Today, Acting Secretary of Defense Chris Miller officially announced the withdrawal of U.S. troops from Afghanistan, Iraq, and Somalia by mid-January.

The Pentagon will pull out approximately half of the 4,500 U.S. troops currently in Afghanistan and about 500 of the 2,500 troops currently in Iraq.

“I am formally announcing that we will implement President Trump’s orders to continue our repositioning of forces from those two countries [Afghanistan and Iraq],” Miller said. “By January 15, 2021, our forces … in Afghanistan will be 2,500 troops. Our force size in Iraq will also be 2,500 by that same date.”

Miller paid tribute to the 6,900 U.S. troops killed in Afghanistan and Iraq, and 52,000 more who fought in the war on terror.

“We will finish this generational war and bring our men and women home. We will protect our children from the heavy burden and toll of perpetual war,” Miller said.

The pullout itself isn’t a surprise, as the troop reductions are in line with what national security adviser Robert O’Brien said in mid-October. However, at the time, Gen. Mark Milley, the chairman of the Joint Chiefs of Staff, later labeled the comments as “speculation” because no presidential decision had been made.

A lot has happened since then.

There was an election.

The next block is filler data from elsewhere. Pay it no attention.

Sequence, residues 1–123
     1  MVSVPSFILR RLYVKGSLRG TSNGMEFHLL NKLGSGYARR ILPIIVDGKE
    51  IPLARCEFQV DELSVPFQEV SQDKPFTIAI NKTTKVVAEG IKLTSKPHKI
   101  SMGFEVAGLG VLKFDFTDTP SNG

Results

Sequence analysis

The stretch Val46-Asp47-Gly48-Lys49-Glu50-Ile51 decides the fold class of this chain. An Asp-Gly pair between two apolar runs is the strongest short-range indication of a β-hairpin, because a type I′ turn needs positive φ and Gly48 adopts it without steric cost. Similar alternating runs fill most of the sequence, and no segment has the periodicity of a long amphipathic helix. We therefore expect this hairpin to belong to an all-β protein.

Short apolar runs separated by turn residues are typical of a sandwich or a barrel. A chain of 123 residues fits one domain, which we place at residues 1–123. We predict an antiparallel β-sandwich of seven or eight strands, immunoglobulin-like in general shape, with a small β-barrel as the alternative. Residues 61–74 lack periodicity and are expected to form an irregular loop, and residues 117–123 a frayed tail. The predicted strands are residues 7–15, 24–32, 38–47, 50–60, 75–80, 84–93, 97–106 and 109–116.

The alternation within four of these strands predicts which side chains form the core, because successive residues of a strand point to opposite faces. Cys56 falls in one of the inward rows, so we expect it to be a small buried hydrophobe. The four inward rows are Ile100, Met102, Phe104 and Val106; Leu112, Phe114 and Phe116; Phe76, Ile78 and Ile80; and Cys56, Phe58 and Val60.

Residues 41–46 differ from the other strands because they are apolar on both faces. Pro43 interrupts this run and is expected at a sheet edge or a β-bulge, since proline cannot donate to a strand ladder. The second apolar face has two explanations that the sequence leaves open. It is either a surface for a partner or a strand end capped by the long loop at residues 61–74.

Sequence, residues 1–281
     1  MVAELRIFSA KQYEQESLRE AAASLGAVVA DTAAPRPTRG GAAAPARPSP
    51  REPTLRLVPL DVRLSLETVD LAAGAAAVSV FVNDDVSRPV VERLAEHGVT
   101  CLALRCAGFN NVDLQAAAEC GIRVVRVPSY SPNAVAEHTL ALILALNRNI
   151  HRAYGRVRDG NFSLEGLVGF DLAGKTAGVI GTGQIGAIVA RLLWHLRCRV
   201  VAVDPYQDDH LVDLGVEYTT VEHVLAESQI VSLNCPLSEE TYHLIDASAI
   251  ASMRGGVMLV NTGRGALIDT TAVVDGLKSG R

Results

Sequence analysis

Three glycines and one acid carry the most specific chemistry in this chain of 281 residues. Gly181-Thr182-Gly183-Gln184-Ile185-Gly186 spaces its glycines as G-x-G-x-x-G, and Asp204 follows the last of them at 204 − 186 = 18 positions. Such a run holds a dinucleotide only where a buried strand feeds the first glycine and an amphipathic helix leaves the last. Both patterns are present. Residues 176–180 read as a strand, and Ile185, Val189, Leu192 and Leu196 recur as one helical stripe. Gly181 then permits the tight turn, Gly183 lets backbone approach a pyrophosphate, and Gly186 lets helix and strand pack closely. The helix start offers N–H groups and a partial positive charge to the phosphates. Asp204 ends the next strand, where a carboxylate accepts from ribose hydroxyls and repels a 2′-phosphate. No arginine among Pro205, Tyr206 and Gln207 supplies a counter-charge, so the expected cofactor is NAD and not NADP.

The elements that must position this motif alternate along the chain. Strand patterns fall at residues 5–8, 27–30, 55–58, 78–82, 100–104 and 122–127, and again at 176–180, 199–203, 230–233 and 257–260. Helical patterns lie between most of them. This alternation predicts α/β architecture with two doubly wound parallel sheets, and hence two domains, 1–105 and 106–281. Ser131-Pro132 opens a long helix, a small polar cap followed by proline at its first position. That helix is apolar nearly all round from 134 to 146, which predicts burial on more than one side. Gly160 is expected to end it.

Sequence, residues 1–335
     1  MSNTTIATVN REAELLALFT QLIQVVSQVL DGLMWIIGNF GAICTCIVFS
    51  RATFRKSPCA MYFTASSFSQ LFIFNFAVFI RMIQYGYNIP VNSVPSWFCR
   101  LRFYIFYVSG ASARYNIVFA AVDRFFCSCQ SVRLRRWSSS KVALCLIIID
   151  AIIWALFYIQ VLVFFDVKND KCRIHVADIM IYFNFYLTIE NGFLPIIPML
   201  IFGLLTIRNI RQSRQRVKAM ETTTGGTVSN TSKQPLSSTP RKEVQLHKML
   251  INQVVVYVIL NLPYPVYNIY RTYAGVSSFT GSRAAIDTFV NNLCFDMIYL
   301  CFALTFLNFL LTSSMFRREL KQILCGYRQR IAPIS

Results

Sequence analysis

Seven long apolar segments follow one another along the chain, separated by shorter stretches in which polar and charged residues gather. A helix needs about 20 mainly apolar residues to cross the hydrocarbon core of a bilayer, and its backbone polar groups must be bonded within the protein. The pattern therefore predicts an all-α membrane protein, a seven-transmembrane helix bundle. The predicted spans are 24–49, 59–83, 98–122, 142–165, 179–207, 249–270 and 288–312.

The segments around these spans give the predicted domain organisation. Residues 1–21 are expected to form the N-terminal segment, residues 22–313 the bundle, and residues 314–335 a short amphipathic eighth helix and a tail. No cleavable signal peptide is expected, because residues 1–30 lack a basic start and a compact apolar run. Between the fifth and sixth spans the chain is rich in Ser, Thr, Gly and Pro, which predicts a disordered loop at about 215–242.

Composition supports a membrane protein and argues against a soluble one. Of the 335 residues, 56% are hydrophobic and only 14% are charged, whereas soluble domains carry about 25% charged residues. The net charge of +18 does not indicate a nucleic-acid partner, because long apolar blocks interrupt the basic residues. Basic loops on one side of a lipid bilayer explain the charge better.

And President Trump fired Mark Esper as Secretary of Defense, and installed Miller as acting secretary. For now.

As ABC News reports, Under the peace deal signed between the U.S. and the Taliban earlier this year, the U.S. committed to pull out all of its troops by May, 2021 as long as the U.S. judged that the Taliban was abiding by the agreement not to attack U.S. military forces in Afghanistan.

In his first official message to the forces last week, Miller hinted that the war against Al Qaida in Afghanistan might be ending. “We are on the verge of defeating Al Qaida and its associates, but we must avoid our past strategic error of failing to see the fight through to the finish,” Miller wrote. “Indeed, this fight has been long, our sacrifices have been enormous, and many are weary of war — I’m one of them — but this is the critical phase in which we transition our efforts from a leadership to supporting role.”

“All wars must end,” he added. “Ending wars requires compromise and partnership. We met the challenge; we gave it our all. Now, it’s time to come home.

In soccer, it’s possible to end a game with a draw. Time is up, and the teams pack up and go home. It’s not generally that way in our American sports. We’ll go into overtime to get to victory.

But maybe this time enough is enough.

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